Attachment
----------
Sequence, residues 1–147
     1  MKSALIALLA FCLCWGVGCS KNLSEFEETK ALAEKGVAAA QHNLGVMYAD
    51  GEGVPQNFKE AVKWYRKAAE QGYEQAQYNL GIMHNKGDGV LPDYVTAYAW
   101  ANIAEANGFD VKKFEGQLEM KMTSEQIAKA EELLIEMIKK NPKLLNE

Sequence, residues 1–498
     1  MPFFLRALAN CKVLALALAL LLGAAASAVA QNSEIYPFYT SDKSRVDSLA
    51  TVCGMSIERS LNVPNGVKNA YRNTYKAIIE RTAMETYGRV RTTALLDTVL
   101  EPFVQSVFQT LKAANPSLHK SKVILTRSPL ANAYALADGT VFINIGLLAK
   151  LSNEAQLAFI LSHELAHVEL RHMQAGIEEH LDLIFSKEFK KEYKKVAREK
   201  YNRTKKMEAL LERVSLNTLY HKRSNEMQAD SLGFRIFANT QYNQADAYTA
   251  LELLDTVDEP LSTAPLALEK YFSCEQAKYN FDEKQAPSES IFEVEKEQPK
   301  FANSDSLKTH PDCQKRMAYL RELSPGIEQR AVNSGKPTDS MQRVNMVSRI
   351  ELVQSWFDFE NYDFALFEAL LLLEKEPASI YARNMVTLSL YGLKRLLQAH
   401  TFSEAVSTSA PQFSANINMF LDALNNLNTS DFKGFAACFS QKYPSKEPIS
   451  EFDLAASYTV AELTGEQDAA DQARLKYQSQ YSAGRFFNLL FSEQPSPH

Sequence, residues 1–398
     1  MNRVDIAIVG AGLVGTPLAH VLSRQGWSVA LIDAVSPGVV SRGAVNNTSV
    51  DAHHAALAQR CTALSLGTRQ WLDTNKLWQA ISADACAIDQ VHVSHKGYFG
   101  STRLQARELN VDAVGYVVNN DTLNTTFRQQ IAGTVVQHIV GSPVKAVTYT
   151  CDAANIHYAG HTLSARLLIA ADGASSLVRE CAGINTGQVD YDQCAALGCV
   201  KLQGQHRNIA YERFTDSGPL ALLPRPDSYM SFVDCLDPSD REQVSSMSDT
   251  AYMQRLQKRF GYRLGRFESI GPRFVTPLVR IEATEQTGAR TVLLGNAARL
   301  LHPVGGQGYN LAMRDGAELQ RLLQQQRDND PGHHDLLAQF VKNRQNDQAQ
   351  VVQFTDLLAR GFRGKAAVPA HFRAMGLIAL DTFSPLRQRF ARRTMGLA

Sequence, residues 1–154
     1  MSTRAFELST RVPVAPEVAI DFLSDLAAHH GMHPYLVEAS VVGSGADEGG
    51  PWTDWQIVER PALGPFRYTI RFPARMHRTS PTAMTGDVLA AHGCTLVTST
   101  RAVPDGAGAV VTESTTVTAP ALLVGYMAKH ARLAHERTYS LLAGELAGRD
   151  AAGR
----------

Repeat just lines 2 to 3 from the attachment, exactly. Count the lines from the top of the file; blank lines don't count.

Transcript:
     1  MKSALIALLA FCLCWGVGCS KNLSEFEETK ALAEKGVAAA QHNLGVMYAD
    51  GEGVPQNFKE AVKWYRKAAE QGYEQAQYNL GIMHNKGDGV LPDYVTAYAW